In Vietnam, Pho is very popular for breakfast. Vendors shop for the freshest ingredients in the wee hours of the morning to make the deep and flavorful stock in time for the morning rush hour. Locals would stop by for a hearty and delicious breakfast-in-a-bowl before heading to work.
Vietnamese Beef Noodle Soup is labor intensive and all the components take up a lot of space in the fridge. So when I crave for pho at home, I make a large pot and pretty much have it for breakfast, lunch and dinner. Because the taste is simply un-pho-gettable, I don’t mind having it several times a day.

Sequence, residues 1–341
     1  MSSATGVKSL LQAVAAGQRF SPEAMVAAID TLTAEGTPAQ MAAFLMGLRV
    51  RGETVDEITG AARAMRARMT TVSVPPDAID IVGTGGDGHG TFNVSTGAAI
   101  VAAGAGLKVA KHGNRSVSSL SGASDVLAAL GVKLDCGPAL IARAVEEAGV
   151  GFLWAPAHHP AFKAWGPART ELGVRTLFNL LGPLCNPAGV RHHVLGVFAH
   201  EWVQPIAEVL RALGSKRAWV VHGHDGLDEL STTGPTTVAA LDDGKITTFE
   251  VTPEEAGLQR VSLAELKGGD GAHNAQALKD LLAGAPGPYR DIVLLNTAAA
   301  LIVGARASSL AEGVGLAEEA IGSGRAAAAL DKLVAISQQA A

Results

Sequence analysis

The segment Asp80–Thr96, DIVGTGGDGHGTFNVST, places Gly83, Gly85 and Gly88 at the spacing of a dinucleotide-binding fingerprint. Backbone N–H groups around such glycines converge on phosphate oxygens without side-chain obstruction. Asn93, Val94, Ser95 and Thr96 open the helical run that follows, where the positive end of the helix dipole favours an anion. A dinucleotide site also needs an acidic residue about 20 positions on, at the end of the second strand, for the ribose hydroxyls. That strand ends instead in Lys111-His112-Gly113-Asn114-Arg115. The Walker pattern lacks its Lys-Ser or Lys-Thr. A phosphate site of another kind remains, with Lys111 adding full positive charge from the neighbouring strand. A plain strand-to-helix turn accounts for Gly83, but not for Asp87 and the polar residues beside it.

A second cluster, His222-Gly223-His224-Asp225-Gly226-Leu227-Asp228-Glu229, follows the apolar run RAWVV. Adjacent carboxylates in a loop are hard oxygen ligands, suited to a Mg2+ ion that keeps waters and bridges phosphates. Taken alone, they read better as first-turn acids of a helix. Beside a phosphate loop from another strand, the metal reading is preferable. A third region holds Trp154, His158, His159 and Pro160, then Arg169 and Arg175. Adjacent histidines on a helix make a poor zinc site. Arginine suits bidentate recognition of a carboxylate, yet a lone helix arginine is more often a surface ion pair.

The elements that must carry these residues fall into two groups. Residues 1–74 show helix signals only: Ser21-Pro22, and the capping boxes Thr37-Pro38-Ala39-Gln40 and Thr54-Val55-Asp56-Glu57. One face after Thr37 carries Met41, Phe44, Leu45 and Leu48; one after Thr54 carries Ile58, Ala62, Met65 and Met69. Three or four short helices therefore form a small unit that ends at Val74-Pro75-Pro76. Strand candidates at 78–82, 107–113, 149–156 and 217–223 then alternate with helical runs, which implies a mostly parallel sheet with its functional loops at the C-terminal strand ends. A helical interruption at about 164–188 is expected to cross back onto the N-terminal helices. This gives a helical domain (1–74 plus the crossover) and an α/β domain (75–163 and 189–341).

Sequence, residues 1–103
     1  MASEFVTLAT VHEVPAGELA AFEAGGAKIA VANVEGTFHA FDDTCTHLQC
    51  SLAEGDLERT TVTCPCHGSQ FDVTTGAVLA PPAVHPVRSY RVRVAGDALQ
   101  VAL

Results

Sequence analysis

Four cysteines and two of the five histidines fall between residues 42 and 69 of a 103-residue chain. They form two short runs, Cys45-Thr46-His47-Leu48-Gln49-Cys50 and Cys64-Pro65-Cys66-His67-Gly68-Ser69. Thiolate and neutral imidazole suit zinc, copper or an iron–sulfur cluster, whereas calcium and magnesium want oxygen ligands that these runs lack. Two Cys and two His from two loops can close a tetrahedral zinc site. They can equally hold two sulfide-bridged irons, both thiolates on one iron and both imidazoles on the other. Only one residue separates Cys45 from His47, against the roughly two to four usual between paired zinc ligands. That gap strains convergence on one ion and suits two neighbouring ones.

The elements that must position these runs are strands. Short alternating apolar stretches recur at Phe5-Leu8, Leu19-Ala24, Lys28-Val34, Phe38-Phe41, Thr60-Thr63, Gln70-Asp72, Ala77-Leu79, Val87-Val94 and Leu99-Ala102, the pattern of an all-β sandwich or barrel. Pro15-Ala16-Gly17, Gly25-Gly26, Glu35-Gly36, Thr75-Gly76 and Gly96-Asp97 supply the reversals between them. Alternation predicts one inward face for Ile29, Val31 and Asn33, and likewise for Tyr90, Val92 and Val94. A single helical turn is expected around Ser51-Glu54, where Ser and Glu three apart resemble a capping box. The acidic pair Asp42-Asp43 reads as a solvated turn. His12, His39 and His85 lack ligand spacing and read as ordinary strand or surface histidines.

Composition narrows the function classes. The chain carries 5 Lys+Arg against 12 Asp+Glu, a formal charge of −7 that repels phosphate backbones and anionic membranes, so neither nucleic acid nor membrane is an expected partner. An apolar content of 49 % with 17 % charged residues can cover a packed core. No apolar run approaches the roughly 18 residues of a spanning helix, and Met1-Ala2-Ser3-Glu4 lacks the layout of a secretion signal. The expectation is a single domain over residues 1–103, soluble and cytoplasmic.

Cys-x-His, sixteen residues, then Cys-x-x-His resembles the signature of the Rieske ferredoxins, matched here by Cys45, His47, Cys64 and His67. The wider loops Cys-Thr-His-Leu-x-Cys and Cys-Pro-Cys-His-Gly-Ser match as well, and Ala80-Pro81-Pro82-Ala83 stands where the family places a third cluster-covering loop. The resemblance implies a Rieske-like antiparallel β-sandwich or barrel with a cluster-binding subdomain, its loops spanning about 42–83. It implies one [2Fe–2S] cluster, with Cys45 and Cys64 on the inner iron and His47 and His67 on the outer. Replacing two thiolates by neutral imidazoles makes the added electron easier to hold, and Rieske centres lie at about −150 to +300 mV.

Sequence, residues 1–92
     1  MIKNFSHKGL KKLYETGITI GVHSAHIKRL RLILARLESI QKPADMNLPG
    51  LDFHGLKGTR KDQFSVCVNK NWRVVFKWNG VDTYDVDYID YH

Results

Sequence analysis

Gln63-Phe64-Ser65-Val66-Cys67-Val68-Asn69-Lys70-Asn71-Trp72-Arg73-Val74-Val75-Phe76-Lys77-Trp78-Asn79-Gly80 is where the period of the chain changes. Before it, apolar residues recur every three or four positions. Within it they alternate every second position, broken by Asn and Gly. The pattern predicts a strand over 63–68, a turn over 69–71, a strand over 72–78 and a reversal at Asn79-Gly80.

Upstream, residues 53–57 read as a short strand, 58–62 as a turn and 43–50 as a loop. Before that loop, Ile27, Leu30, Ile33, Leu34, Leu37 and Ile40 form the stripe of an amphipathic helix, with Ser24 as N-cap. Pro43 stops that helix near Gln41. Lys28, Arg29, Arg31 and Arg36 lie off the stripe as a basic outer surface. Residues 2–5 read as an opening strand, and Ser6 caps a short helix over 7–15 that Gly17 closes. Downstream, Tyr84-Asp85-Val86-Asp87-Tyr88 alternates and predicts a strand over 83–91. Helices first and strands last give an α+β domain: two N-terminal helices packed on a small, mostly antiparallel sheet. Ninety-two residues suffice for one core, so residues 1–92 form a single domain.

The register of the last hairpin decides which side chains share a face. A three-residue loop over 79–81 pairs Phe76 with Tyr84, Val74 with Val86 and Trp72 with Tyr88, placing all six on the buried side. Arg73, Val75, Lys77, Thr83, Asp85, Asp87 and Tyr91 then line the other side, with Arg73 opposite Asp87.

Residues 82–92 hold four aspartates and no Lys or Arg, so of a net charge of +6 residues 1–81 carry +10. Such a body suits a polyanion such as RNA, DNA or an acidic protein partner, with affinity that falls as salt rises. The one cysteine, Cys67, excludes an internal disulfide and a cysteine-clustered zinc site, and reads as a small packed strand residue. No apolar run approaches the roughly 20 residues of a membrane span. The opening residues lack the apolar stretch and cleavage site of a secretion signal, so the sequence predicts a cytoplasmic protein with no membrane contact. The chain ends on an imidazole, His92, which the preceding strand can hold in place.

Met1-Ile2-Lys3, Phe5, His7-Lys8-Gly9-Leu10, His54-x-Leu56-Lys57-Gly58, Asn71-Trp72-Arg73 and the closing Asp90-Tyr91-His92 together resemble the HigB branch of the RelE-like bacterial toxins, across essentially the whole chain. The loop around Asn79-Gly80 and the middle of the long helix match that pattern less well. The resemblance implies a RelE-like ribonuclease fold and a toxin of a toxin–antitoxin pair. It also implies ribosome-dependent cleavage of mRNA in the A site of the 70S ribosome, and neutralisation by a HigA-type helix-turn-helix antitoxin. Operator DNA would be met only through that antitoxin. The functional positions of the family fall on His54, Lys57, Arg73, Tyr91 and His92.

Vietnamese Thick Noodle Soup, or Banh Canh, is one of my favorite childhood foods. It's the most simplest and purest of all the Vietnamese noodle soups. As a kid, I ate it regularly for breakfast, lunch and dinner. In its simplest form, it's thick noodles in a rich and savory pork broth. There aren't too many components like other Vietnamese noodle soups. However, variations of Banh Canh such as Banh Canh Cua can include proteins like crab, shrimp, fish balls, and fried fish cakes. In restaurants, a side of Vietnamese herbs and greens also accompanies the noodle.
Vietnamese Pork & Seafood Noodle Soup or, Hủ Tiếu, is to South Vietnam as Phở is to North Vietnam, and Bún bò Huế is to Central Vietnam. Hủ Tiếu consists of mostly pork and seafood, and it's a lot more versatile than the other noodle dishes.